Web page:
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Published: March 18th 2009
When I first planned to travel in East Africa on my way home from Ethiopia, I thought I might go to Burundi. Then, various people and the security warnings in my (admittedly old) guide book put me off. However, Barry was heading there and as we were both enjoying the company, I decided to go too. Like Rwanda, Burundi is very green, but imediately seemed less cultivated.
Burundi was a real surprise. Arriving in Bujumbura (the capital) after an easy border crossing, I felt slightly edgy - after all I'd heard so much about the dangers. In reality, the greatest danger we encountered was trying to cross the road. The traffic here is chaotic, especially after Kigali. The Saga Residence Hotel was beautiful and the rooms spacious, but the menu limited, so for the next two nights we ate at the Hotel Botanika - the vegetable lasagna was one of the best meals I had had in ages.
Saturday morning dawned with an eery silence throughout the town. Having felt safe up until now I admit that I immediately (inevitably?) thought there must be a security problem or an attempted coups. Barry asked a UN driver if there was
a problem, but it turns out that every Saturday morning (between 6 and 10am) vehicles are banned from the streets while they are cleaned. There was no evidence of such activity and a driver later on told us that it is just a good excuse for Burundians to stay in bed and (as he quaintly put it) 'make babies'.
We headed out of town to the place where Stanley (allegedly) met Livingstone. How Livingstone was lost when he was next to a major road and less than an hour from Bujumbura is slightly puzzling! We hitched a ride part way with a Belgian (who identified himself as "a diplomat"), then took a minibus with a driver who supports Leicester City Football Club (why?) and walked the last bit. There was no sign from the road, but we were pointed in the right direction and, accompanised by a group of small children, soon found the huge, inscribed, rock that had been placed on the spot.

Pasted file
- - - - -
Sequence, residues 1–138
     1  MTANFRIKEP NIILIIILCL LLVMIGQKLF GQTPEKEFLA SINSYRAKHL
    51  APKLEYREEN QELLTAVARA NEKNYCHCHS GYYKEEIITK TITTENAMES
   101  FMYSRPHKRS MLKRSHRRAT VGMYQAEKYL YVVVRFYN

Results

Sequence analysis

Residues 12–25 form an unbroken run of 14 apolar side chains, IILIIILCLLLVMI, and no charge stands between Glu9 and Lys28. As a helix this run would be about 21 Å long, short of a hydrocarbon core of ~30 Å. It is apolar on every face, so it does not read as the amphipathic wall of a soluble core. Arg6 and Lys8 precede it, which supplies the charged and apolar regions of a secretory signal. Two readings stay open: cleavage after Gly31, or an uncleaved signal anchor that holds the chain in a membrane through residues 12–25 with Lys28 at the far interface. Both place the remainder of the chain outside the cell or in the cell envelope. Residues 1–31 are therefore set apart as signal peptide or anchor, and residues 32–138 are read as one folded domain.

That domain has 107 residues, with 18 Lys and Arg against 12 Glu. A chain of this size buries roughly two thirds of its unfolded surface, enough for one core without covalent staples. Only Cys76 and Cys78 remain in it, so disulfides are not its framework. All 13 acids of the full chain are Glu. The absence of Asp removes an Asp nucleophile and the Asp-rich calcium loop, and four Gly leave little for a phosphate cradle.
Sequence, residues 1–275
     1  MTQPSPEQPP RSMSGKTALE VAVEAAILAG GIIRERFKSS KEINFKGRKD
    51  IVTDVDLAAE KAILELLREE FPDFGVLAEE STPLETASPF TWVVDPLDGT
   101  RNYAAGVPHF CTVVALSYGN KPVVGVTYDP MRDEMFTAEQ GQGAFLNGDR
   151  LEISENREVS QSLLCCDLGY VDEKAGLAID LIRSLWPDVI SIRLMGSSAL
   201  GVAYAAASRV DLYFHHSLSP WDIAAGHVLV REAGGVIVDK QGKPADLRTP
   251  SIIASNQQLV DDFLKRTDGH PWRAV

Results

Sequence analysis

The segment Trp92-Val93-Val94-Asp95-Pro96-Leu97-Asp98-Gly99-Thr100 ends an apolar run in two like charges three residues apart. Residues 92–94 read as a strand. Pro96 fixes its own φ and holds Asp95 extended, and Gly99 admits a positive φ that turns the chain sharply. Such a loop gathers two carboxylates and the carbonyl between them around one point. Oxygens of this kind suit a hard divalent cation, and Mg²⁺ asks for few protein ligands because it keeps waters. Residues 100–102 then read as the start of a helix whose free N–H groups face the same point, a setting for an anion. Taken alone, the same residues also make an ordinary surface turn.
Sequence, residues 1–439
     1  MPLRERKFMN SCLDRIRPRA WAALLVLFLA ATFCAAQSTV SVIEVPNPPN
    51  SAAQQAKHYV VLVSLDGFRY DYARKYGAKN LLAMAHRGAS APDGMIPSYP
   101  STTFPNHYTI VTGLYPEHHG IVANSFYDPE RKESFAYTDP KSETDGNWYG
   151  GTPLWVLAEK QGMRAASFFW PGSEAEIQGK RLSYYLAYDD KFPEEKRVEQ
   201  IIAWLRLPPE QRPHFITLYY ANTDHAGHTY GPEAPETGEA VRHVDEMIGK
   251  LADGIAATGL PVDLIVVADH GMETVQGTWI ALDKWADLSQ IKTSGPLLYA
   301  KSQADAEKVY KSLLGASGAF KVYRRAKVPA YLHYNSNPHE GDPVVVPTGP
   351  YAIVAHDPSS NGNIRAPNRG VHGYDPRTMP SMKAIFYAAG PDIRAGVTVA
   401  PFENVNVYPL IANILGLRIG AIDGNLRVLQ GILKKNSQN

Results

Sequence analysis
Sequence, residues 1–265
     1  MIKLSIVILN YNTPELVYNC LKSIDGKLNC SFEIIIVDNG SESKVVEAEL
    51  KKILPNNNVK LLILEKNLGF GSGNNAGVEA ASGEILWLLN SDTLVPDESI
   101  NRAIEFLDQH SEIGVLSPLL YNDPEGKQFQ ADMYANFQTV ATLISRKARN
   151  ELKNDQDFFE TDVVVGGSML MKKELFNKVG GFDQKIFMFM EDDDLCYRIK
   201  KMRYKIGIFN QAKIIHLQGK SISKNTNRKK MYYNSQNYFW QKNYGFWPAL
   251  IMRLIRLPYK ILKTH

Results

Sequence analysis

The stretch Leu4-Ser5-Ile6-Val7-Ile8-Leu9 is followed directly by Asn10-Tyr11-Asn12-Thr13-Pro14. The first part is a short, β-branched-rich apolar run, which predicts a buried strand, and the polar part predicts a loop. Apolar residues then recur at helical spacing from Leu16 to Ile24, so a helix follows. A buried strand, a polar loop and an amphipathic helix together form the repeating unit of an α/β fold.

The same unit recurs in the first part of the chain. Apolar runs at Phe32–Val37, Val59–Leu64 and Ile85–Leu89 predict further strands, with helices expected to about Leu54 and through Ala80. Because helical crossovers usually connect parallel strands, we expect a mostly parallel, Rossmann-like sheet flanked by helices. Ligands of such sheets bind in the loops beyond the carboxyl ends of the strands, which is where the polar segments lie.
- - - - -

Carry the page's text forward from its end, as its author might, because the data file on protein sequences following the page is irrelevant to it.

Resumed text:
Returning to Buja, the streets were back to normal and we took a shared taxi for a 2 hour ride out to Gitega, the site of the national museum. Burundians seem to like cheesy
songs laden with heartache and meaning and this journey was no exception (more classic examples including 'Part-time Lover' and 'The Power of Love'). The trip took us up hills; cyclists nonchalantly holding with one hand onto the back of slow moving trucks to get to the top.
We were dropped off at the museum, which was closed - indefinitely it seems - so, after a beer, walked into town, stopping off to peer through an open window to investigate the source of singing and were then invited in to watch the choir rehearsal for a while.
The following day, we moved to Saga Beach on Lake Tanganyika. Golden sands and a seaside feel to the place enticed us to have a dip in the lake. This resulted in quite an audiance, including a man who pretended to take a photo of his companion but was really taking our photo over her shoulder (we know that old trick) and a group of nuns, one of whom waved at us. The afternoon ended with a performance of traditional drumming and dancing. It was marvelous to watch but slightly spoiled by the fact that they were charging ridiculously high prices for
taking just one photo.
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